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An Innovative Hydrologic and Hydraulic Modeling Approach for MWRDGC's Calumet Tunnel and Reservoir Plan (TARP) System

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In 1972, the Metropolitan Water Reclamation District of Greater Chicago (MWRDGC) adopted the Tunnel and Reservoir Plan (TARP), as the Chicago area's long-term control plan to cost-effectively comply with Federal and State water quality standards in the 375 square-mile combined sewer area consisting of Chicago and 51 suburbs. TARP's main goals are to protect Lake Michigan – the region's drinking water supply - from raw sewage pollution; improve water quality of area rivers and streams; and provide an outlet for floodwaters to reduce street and basement sewage backup flooding.

The TARP system consists of 109.4 miles of deep rock bored, concrete-lined tunnels that range in diameter from 8 feet to 33 feet and are between 150 ft and 350 ft below ground level. A combination of stormwater and wastewater enters the system through 259 drop shafts (between 4 ft and 25 ft in diameter), passing through over 600 near-surface connecting and regulating structures placed throughout the system. There are four main TARP systems, Upper Des Plaines (O'Hare), Des Plaines, Mainstream and Calumet. The system also includes three major pumping stations and three large open-air reservoirs. As designed, the total combined sewer overflow (CSO) storage capacity of the tunnels and reservoirs is 17.5 billion gallons. Construction of the TARP system began in 1975 and continues today with the Thornton Reservoir due for completion in 2015 and Stage 1 and 2 of the McCook reservoir due in 2017 and 2029, respectively.

Since the design of the TARP, no comprehensive hydrologic/hydraulic study of the system has been undertaken. In 2003, MWRDGC approached the University of Illinois at Urbana Champaign (UIUC) to develop a new, updated and enhanced computer model for each TARP system, to allow real-time evaluation of the TARP systems. The new real-time flow model will optimize operation of the system as actually constructed, determine constraints in the system, identify physical changes needed to improve performance, and allow “what-if” analyses to be performed for potential storm scenarios and facility revisions.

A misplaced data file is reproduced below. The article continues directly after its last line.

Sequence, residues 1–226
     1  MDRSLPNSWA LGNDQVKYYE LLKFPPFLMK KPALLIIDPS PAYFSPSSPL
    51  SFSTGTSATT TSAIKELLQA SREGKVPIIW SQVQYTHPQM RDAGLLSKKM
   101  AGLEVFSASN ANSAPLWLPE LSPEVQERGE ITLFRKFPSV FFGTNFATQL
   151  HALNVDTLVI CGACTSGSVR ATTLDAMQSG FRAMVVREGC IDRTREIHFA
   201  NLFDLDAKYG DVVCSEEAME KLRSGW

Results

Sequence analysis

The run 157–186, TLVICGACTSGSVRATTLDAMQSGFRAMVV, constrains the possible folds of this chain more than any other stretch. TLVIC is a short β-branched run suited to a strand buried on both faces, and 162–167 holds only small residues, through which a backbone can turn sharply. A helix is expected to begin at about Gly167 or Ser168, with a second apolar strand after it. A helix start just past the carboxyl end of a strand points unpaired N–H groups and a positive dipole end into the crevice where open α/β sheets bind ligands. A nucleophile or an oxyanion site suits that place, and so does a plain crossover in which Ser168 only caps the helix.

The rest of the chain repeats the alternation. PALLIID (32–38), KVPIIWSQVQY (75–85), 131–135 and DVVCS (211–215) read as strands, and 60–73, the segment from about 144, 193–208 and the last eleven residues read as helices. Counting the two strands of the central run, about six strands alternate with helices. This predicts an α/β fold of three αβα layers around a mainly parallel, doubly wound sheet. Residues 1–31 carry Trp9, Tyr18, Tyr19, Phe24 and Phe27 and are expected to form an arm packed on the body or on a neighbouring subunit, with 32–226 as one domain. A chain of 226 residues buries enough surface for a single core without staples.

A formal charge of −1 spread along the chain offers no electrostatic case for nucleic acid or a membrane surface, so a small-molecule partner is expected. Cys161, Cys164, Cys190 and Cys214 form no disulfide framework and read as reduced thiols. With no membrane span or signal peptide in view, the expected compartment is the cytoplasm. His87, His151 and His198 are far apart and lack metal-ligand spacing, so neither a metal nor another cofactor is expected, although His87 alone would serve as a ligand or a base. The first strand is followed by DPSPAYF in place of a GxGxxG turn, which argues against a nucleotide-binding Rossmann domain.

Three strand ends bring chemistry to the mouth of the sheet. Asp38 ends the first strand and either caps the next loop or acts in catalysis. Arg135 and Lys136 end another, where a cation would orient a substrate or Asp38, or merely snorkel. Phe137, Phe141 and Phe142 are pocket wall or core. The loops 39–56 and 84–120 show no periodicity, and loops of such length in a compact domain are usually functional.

Although simple in concept, modeling the TARP system poses challenges that cannot be resolved using any single existing modeling tool. These challenges include: the size and complexity of the TARP system, interceptor system and its contributing service area; lack of detailed hydrologic and hydraulic input data; and the propensity of the system to generate hydraulic conditions that can cause geysering to occur. UIUC has helped MWRDGC develop a set of modeling tools, which combine to form a simulation package capable of simulating the wide-range of hydrologic and hydraulic conditions that the system can be subjected to. This tool has been used to evaluate the Calumet TARP system and is in the process of being applied to the Mainstream/Des Plaines TARP system. It has allowed the District to identify how the system will behave once the reservoirs come online and provides them with a tool to conduct “what-if” scenario analysis that will allow them to optimize operation of the system. Through investment in the development of technology, MWRDGC will have tools that can be used to optimize the TARP system, thereby reducing flooding and combined sewer overflows, and improving the water quality of surrounding waterways. This paper presents the simulation package that has been developed and its application to the Calumet TARP system.
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Keywords: Collection Systems; Hydrologic and Hydraulic Modeling; Long Term Control Plan; Transients

Document Type: Research Article

Publication date: 01 January 2011

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